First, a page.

Sunday, October 31, 2010


I learned an important lesson last Sunday. It was my week to teach, and I had felt impressed to use music in the scriptures as the underlying theme for the center section of Isaiah. (I’m looking forward to this afternoon’s wrap up of the book by the other teacher.)

Anyway, I decided we should play “Name That Tune” in order to get the class involved. It was a fun class (and I figured we needed a “fun” class for a change since Isaiah can tend to be a little heavy).

One of the most prominent repositories of Isaiah lyrics is Messiah by Handel. So a goodly number of the answers were indeed from that glorious piece of music. However, it was also kind of surprising how many times “How Firm a Foundation” appeared.

I have to confess, though, that I have a very soft spot in my musical heart for Mendelssohn’s Elijah. To my ear, the melodies are purer and not quite so frilly. (Perhaps it is because I find it impossible to sing all those strings of eighth notes whenever I have the privilege of attending the Messiah sing-in held at Cabell Hall on the University of Virginia grounds.) Whatever, there are numerous passages from that piece which speak directly to my heart.

I decided to close the class with a selection (“O come everyone that thirsteth,” from Isaiah 55:1) dedicated to a brother who had just recently decided to be baptized after forty years of marriage to one of my dear friends. As I listened to it in preparation for the class, the harmony lines floated through my mind and drew tears. They also accompanied me the rest of the morning during my church preparations.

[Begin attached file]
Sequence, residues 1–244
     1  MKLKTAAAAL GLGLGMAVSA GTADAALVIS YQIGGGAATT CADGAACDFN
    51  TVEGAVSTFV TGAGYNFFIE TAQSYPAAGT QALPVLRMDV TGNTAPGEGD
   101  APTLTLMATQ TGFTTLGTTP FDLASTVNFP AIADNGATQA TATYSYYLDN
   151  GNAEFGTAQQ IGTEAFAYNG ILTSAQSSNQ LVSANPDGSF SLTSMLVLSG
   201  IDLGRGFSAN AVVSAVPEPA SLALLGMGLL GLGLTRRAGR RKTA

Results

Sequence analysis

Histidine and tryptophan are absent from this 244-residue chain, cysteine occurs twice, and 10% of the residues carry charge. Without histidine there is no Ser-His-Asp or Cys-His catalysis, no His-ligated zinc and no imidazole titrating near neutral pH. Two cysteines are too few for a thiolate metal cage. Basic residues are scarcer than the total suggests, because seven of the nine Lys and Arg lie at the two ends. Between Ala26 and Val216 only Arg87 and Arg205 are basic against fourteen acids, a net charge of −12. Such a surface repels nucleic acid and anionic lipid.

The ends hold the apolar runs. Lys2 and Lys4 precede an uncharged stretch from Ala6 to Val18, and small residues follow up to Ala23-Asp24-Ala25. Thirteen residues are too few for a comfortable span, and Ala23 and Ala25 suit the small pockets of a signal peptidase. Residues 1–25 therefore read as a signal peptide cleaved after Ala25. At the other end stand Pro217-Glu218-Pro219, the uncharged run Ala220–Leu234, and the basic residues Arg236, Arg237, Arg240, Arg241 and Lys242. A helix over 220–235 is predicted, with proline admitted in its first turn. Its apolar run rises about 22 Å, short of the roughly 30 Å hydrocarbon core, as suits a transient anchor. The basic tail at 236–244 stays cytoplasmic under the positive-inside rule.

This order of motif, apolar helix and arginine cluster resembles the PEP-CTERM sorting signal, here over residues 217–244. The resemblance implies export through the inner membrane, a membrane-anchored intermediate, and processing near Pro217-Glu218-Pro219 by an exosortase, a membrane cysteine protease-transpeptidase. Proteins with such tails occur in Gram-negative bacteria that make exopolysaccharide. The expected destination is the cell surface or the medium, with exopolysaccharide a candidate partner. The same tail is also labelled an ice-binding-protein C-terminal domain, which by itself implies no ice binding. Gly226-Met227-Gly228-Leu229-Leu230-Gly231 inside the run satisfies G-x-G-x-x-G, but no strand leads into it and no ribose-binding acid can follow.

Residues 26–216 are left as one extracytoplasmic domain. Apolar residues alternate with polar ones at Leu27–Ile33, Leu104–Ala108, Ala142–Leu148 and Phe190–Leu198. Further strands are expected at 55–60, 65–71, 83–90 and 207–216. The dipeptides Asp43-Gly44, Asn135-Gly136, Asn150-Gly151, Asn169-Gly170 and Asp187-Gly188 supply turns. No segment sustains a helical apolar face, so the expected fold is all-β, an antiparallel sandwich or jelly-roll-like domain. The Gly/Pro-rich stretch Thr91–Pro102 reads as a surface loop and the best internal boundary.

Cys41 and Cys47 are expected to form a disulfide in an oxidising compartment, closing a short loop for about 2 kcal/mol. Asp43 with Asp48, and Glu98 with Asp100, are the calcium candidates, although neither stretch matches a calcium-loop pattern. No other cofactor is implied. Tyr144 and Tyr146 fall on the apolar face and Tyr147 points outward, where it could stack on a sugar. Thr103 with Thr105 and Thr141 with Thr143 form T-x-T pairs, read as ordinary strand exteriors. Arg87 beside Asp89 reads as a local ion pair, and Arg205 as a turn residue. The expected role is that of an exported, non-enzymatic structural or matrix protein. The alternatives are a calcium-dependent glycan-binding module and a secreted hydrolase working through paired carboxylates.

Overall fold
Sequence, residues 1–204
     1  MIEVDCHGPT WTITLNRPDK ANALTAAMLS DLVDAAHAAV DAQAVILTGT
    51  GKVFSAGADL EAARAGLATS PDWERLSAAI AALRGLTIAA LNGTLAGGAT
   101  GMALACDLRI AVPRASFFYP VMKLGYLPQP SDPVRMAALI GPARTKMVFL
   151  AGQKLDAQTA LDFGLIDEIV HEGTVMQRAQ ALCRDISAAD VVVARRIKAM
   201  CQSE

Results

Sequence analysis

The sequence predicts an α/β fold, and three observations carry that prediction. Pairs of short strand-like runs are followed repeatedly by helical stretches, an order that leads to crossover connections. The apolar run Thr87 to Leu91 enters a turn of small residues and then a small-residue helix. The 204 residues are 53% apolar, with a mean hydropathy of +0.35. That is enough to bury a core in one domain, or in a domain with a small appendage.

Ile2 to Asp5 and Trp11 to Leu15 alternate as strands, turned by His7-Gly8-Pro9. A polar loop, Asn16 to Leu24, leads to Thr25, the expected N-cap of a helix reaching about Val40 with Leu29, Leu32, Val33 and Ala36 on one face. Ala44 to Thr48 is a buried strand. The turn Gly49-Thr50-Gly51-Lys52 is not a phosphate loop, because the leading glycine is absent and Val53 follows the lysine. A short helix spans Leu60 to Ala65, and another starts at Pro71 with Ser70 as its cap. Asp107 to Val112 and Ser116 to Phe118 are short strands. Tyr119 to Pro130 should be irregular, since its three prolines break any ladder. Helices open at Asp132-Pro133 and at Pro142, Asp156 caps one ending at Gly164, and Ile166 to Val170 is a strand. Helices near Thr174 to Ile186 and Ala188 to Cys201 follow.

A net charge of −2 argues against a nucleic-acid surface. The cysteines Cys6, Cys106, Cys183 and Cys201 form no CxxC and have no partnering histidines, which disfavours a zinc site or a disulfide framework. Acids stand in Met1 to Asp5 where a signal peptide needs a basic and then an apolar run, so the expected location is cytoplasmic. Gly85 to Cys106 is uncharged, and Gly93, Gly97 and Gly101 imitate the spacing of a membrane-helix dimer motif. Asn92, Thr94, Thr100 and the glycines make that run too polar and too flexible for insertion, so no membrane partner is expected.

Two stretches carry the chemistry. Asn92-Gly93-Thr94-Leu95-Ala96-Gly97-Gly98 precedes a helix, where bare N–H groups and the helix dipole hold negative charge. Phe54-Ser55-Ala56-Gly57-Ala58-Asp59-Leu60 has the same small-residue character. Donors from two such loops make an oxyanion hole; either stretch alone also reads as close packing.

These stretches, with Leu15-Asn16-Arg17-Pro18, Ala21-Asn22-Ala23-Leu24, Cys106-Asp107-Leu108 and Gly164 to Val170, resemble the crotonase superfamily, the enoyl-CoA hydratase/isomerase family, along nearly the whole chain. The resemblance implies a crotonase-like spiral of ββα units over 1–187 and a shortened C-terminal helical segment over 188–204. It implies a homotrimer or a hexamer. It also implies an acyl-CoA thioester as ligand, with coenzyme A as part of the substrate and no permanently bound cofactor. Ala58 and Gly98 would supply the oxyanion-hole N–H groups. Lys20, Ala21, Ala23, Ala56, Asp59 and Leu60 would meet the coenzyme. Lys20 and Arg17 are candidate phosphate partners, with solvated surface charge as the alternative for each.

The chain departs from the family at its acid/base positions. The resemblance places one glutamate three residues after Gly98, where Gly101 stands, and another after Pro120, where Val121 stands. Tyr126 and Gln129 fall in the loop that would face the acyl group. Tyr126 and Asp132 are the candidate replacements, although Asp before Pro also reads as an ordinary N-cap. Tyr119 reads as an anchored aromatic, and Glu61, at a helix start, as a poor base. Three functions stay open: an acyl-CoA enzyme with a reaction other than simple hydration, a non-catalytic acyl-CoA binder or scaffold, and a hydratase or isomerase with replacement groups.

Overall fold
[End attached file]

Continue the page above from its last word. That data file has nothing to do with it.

Because I had found them so moving, I announced to the class that I would end my comments before the music given that I would probably be dissolved by the time it ended. But no tears came. Reflecting back on that experience this morning, I realized that it was because my attention was too caught up with the number of minutes left in the class, whether or not the boom box on which it was playing was allowing the words to be understood, and whether or not I should stand up and shut it off before the end had arrived.

This has served as a reminder that if we really want to experience something, we need not to be distracted. We need to give ourselves over to it completely. No nagging outside concerns to negate the influence of the Spirit.

On the other hand, as I say my prayers, I often find myself distracted. Many years ago, I discussed this problem with a wise friend. His advice was that he thought he’d follow the direction of those wandering thoughts and see if that wasn’t what was really needing to be prayed about. Yet another lesson.

May we know when to yield and when to stand firm.